Snapshot Review: Arcadia Awakens by Kai Meyer

Arcadia Awakens by Kai MeyerArcadia Awakens, with its unusual plot and rich setting, promised to be a bit more creative than a lot of the paranormal YA circulating at the moment. In the end, however, it didn’t quite work for me.

I found the writing quite clunky. Whether it’s Meyer’s style of writing or a consequence of the translation I don’t know, (Arcadia Awakens was originally written in German), but sentences didn’t flow as well as they could have and the dialogue felt stilted and awkward. I also didn’t feel the characters reacted convincingly to the often bizarre things that were going on around them. And while I love Greek mythology, the whole snake/cat romance just didn’t work for me here. A shame, as I could have really gotten into a Romeo and Juliet type romance with a mafia setting and some shapeshifters thrown in.

*Many thanks to Templar for providing a copy for review*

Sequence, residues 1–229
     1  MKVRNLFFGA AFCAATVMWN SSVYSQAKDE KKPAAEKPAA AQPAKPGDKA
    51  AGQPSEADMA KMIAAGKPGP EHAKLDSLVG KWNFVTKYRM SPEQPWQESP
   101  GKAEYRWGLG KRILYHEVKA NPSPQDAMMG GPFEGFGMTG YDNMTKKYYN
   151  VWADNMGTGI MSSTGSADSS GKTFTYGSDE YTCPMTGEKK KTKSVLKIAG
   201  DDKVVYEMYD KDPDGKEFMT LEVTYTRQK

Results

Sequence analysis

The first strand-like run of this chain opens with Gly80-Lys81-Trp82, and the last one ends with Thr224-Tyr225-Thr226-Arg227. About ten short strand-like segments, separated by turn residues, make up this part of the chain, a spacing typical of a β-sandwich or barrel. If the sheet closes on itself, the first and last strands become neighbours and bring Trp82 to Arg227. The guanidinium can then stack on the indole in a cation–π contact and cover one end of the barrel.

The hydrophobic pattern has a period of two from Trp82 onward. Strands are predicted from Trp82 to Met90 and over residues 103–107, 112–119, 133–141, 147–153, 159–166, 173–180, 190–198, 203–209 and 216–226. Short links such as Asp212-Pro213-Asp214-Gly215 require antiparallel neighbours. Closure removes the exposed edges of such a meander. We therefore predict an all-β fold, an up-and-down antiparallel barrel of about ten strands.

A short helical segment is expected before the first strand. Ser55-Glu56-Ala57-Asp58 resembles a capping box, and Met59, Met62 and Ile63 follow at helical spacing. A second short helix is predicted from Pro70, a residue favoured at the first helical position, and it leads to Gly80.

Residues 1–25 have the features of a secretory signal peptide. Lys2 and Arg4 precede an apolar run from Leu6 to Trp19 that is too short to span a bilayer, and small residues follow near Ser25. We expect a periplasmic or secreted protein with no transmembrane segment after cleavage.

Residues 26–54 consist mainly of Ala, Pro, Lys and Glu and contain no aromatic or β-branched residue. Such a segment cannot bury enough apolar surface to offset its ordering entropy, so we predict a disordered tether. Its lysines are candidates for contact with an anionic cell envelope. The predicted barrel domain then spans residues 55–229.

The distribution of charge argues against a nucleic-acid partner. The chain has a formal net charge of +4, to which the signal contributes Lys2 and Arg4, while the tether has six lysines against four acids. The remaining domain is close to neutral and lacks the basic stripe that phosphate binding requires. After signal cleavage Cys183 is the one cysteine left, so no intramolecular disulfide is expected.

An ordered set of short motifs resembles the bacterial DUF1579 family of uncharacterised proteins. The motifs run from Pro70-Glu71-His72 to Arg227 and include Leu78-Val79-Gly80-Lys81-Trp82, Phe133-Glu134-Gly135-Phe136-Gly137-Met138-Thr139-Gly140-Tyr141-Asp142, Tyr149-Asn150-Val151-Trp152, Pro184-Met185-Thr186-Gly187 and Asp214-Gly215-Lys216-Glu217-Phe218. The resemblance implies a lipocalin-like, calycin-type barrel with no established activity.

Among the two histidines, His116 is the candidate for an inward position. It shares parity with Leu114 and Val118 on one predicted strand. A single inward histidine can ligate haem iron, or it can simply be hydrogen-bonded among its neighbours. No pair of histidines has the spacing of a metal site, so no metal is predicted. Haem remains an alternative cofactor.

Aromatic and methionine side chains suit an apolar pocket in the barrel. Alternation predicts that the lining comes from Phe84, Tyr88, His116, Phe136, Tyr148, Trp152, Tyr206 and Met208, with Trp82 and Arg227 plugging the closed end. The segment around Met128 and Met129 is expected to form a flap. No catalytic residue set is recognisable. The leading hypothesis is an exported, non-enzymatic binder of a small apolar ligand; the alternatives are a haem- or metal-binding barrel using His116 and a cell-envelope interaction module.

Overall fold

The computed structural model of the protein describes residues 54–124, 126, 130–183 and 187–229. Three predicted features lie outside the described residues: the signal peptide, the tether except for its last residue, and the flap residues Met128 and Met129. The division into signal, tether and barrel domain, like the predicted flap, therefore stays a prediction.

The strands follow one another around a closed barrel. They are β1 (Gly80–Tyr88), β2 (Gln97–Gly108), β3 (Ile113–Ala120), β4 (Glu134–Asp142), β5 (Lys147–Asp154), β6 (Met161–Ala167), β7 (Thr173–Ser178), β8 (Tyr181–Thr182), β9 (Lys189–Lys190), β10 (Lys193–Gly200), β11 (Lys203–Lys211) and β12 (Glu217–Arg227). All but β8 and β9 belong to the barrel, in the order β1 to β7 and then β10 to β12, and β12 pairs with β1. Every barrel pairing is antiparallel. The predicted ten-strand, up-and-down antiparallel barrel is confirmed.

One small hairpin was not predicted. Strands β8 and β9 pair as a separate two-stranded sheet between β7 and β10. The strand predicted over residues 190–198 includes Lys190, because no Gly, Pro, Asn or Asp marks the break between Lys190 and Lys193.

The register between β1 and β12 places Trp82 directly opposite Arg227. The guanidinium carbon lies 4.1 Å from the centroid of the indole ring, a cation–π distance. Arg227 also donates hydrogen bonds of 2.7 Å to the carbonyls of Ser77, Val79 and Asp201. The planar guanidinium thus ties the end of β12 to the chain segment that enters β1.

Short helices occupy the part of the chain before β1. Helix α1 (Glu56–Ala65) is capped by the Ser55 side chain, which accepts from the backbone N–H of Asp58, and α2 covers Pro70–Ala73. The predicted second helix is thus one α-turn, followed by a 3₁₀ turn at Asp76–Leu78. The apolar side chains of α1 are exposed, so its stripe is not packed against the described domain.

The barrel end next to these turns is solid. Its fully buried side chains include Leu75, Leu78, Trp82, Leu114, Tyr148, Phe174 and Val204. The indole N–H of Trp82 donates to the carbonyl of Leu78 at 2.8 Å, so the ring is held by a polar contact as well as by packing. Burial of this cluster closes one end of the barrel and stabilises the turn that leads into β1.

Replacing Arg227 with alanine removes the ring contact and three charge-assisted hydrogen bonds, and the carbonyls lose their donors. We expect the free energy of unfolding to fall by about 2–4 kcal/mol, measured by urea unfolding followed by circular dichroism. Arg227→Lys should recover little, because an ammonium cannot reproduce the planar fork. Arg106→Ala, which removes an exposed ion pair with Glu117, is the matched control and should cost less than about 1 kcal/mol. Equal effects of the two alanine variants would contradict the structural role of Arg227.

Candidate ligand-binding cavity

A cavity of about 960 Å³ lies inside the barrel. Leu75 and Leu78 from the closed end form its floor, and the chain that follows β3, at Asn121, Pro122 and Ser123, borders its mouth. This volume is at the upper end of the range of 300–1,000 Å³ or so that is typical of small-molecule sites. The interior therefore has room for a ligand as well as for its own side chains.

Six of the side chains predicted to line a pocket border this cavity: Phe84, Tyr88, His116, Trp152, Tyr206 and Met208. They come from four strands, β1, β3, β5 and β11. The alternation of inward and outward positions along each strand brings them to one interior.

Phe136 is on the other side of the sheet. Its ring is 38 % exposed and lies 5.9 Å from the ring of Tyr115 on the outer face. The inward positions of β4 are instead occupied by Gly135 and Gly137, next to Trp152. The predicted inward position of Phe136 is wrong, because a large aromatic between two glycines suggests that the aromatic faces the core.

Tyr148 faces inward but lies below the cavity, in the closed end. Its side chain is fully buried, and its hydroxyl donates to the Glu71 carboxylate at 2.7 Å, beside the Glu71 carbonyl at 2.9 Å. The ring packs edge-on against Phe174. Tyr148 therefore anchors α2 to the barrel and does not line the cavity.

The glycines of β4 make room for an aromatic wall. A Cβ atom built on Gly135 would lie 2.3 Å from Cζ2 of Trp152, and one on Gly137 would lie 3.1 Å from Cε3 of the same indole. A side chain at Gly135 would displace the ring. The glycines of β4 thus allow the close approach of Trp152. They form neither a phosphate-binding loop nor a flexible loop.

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Snapshot Reviews: Swim the Fly by Don Calame

Swim the Fly by Don CalameSwim the Fly is a lot of fun and a refreshing change of pace in the YA market.  While this is most definitely a ‘boy’s book’, its one that girls and adults can also appreciate and enjoy. Matt, Coop and Sean’s summer goal is to finally see a girl naked, but Matt is also determined to impress a girl called Kelly. Naturally, the only way to do this is by volunteering to swim the 100-yard butterfly. Needless to say, nothing goes according to plan and ridiculous hilarity ensues.

If you’re not a fan of toilet humor, this probably isn’t the book for you. For the most part I was torn between horror and hysterics. By all accounts, Calame appears to have pretty much nailed the inner workings of the adolescent boy – perhaps a little too well (there’s only so much time in a teenage boy’s head I can take). Yes, some parts were a little over the top, but Swim the Fly, while as gross and cringe-worthy at times as you might imagine, has some surprisingly heart-warming moments as well.